Former president Jimmy Carter has called on the U.S. to shut down its prison at Guantánamo Bay, Cuba, and two dozen other secret detention centers to demonstrate the nation’s commitment to human rights. Carter made his comments to reporters June 7 in Atlanta—about a week after the Pentagon reported five confirmed incidents of intentional mishandling of the Qur’an at the Guantánamo prison. The incidents included a guard kicking a detainee’s Qur’an, a water balloon fight among guards soaking detainees’ Qur’ans, a two-word English obscenity written in a Qur’an, and an interrogator stepping on a detainee’s holy book. The Council on American-Islamic Relations renewed its call for the prison facility to be shut down.
Alabama United Methodists have made a symbolic gesture to demonstrate their repentance for past support of segregation in their state. William Willimon, bishop of the North Alabama Conference of the United Methodist Church, led a walk in Birmingham to the steps of one of the denomination’s former landmark churches June 6 for a service to repent of racial injustice and to pledge to be more inclusive. Willimon stood on the front steps of the former McCoy United Methodist Church, which closed in 1993. In recent decades, dozens of largely white United Methodist churches have closed as neighborhoods around them became predominantly black. Outside the former church, the Methodists recited a prayer that included harsh self-analysis: “We hereby repent of our sins as a church. Forgive our self-centered, defensive, cowardly ways.”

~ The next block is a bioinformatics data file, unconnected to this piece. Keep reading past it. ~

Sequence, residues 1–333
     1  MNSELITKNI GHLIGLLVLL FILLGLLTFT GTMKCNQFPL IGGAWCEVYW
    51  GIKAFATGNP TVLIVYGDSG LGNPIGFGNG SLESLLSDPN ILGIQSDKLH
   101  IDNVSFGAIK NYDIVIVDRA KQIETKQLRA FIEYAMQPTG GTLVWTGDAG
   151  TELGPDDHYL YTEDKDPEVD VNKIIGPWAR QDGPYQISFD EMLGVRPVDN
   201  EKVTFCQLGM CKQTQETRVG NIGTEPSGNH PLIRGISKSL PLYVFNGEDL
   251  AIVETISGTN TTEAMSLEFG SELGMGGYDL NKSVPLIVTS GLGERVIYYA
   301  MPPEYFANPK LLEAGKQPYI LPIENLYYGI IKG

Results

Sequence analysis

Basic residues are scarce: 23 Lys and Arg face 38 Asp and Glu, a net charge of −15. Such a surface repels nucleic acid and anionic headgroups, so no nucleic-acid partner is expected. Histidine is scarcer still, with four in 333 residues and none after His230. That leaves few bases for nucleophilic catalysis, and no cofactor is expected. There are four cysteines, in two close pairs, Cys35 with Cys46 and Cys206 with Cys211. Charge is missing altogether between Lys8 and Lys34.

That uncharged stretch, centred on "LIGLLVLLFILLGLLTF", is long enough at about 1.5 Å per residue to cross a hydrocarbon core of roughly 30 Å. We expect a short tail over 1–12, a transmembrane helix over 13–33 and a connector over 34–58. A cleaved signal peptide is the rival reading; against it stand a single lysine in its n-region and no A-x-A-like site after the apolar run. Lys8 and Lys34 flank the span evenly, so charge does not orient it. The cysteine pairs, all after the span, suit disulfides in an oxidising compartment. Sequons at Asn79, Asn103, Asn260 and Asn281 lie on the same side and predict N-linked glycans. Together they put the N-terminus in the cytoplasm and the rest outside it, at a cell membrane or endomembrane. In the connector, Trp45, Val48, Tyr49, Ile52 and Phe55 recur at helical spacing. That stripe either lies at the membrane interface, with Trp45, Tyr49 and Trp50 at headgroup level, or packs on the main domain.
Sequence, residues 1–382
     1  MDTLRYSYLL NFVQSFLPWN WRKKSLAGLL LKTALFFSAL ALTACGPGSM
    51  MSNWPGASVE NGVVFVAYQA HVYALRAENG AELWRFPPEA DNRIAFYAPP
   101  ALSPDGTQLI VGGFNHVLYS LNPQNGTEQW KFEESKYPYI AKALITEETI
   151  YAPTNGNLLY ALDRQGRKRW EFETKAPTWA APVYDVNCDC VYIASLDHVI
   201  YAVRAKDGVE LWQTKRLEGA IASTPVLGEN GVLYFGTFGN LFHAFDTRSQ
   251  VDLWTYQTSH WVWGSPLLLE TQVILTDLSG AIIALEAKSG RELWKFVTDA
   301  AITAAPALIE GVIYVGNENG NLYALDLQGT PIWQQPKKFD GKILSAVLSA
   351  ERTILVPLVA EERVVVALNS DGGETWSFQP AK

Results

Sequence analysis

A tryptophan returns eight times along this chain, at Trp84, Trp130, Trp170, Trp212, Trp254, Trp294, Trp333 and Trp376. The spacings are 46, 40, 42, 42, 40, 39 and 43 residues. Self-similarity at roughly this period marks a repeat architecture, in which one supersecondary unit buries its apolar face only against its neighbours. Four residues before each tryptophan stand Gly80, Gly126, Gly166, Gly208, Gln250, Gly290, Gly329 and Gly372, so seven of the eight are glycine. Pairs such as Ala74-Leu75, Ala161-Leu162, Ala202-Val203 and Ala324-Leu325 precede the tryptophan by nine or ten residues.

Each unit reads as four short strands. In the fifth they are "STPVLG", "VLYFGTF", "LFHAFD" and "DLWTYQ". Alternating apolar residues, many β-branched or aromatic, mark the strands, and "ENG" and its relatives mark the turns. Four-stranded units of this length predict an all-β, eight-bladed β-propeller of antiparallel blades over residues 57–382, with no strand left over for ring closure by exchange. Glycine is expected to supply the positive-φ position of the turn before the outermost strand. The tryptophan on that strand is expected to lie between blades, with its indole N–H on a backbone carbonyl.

Maine’s Bangor Theological Seminary, faced with declining enrollment, will close its ten-acre downtown campus and move to nearby Husson College. The 190-year-old seminary is one of seven theological schools affiliated with the United Church of Christ. The Bangor seminary board made the decision in late May inasmuch as the present enrollment includes only 20 full-time students living on campus and another 130 seminarians, most of them part-time, who are commuters.